“Find a penny, pick it up. All day long, you’ll have good luck.”
Hilarious, you think as you watch the whirlwind of leaves swirl down the sidewalk and whip a girl’s hair into a leafy, cotton-candied frenzy. She deserves it. Probably paid sixty dollars for that hairdo. She is pretty, but pink hair is ridiculous. You know Alberta is better. She wouldn’t pay sixty dollars for a hairdo. Not a pink one. You chuckle as you swallow the last bite of your turkey sandwich. A mushy clump of mustardy-white bread clings to the roof of your mouth. You try to work it loose with your tongue, but it’s stuck.
It is the same turkey sandwich you pack in your lunch every day. White bread, yellow mustard, and lettuce — the crunchy kind, not that leafy crap. Alberta once bought something that was purple and red that she called lettuce, but she hadn’t packed your lunch in a long time. You couldn’t fault her for it. After all, she fixes dinner every night, unless she has girls’ night out. What did women do at those damn parties, anyway?
Across the street you notice a man in a suit pacing and yelling into his phone. He jerks it away from his ear and shouts at it. Maybe he will throw it. A cell phone getting chucked into the street… now that would be an entertaining upgrade from your typical lunch break scenery.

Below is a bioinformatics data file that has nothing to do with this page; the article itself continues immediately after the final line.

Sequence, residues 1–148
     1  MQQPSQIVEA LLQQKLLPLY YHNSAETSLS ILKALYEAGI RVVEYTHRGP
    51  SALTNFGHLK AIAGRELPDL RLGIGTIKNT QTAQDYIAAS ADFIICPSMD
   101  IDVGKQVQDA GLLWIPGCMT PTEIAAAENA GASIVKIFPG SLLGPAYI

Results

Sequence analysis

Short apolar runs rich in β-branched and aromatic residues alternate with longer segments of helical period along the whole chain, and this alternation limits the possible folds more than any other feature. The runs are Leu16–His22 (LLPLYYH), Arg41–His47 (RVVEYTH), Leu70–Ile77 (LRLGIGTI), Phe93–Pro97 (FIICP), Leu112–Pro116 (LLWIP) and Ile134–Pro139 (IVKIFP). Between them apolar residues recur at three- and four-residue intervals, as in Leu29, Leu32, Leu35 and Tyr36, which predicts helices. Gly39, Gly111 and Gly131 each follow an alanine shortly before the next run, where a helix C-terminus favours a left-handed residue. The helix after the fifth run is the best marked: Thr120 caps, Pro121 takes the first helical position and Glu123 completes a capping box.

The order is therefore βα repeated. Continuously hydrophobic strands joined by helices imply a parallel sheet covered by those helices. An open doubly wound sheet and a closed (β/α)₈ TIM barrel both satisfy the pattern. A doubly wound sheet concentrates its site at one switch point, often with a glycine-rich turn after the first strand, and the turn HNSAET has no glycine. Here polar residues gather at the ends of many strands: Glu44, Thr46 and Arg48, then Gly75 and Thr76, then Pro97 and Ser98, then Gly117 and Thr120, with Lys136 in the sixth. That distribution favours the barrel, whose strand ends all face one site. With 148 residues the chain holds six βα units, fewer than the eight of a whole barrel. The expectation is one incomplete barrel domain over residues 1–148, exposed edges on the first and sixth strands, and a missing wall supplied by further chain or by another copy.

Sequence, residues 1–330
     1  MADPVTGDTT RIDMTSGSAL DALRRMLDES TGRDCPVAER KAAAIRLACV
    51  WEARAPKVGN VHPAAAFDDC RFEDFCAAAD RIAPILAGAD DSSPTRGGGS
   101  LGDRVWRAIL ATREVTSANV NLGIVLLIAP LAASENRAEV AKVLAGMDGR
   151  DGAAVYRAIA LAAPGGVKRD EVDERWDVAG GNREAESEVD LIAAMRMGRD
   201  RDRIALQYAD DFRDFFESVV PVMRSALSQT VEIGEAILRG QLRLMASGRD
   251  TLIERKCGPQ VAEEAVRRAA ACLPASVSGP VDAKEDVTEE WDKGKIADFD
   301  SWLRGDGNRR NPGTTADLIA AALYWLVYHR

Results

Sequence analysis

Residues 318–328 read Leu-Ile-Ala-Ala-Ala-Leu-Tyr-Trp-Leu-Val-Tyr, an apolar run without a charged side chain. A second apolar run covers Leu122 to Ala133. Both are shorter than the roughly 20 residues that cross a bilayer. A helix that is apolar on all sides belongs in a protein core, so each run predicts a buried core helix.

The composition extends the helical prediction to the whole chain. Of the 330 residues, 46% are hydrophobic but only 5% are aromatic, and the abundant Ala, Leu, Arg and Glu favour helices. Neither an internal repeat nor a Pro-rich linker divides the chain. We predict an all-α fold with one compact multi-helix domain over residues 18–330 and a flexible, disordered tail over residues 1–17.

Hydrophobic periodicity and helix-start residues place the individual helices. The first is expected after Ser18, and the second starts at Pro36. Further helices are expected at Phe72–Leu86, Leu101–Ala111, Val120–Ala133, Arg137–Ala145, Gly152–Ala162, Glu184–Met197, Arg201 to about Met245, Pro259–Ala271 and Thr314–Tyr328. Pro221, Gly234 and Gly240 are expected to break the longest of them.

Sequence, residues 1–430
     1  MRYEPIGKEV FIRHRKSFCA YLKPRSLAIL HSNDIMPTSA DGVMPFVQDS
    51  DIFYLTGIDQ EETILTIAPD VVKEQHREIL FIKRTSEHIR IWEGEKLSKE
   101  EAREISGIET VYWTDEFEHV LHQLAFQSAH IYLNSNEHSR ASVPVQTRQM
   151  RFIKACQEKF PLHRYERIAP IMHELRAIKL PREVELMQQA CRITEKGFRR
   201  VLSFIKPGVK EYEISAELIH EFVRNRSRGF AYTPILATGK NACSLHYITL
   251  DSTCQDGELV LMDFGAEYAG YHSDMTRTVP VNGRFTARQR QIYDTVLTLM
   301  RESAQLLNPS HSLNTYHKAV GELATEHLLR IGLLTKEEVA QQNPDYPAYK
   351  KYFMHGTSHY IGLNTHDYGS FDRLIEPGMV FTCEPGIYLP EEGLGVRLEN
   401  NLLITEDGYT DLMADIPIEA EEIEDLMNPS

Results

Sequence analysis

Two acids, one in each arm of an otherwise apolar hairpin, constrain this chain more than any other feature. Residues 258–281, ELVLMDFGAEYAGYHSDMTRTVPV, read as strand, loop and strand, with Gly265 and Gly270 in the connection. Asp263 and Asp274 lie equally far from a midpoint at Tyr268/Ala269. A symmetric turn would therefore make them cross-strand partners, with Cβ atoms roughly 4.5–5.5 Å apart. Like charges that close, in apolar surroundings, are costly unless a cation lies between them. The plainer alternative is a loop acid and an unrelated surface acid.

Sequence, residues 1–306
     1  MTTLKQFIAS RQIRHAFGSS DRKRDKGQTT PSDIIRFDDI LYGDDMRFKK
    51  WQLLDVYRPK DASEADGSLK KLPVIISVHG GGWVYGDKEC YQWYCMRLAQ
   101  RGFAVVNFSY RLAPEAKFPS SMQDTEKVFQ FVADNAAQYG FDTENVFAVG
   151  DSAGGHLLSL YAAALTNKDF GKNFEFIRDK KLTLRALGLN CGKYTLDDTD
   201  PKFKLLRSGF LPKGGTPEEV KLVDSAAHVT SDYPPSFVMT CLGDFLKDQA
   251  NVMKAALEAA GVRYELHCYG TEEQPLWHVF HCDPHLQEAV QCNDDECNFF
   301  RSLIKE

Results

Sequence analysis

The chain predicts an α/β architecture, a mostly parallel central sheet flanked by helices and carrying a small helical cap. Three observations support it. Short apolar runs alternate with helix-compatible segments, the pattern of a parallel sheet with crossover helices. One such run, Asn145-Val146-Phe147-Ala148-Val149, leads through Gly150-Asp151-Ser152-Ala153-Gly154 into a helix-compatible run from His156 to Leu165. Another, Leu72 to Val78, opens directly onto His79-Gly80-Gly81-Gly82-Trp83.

You see a woman catch her shoe heel in the storm drain and it breaks. How will she walk with only one heel? She is blonde, and young, and prettier than Alberta. You know pretty people aren’t very smart. It surprises you when she kicks up her leg and snaps off the other heel, turning her shoes into a pair of flats. You grunt another laugh. Breaking off the other heel, now that’s something Alberta would do. She is smart. It’s one of the things you love about her.
You turn your attention back to the pacing cell-phone-suit-man, hoping for the throw. As he rants, you fumble through your lunchbox for your favorite part of lunch: the Cheetos. You always eat the Cheetos last.
By the time you finish, the ranting man in the suit still hadn’t thrown his phone. A gust of wind chills you and you jam your fat fingers into your pockets.
Dammit! Something slid under your nail. You forgot about that pressed penny in your pocket. It drew a little blood. You suck on the tip of your finger to soothe the stinging.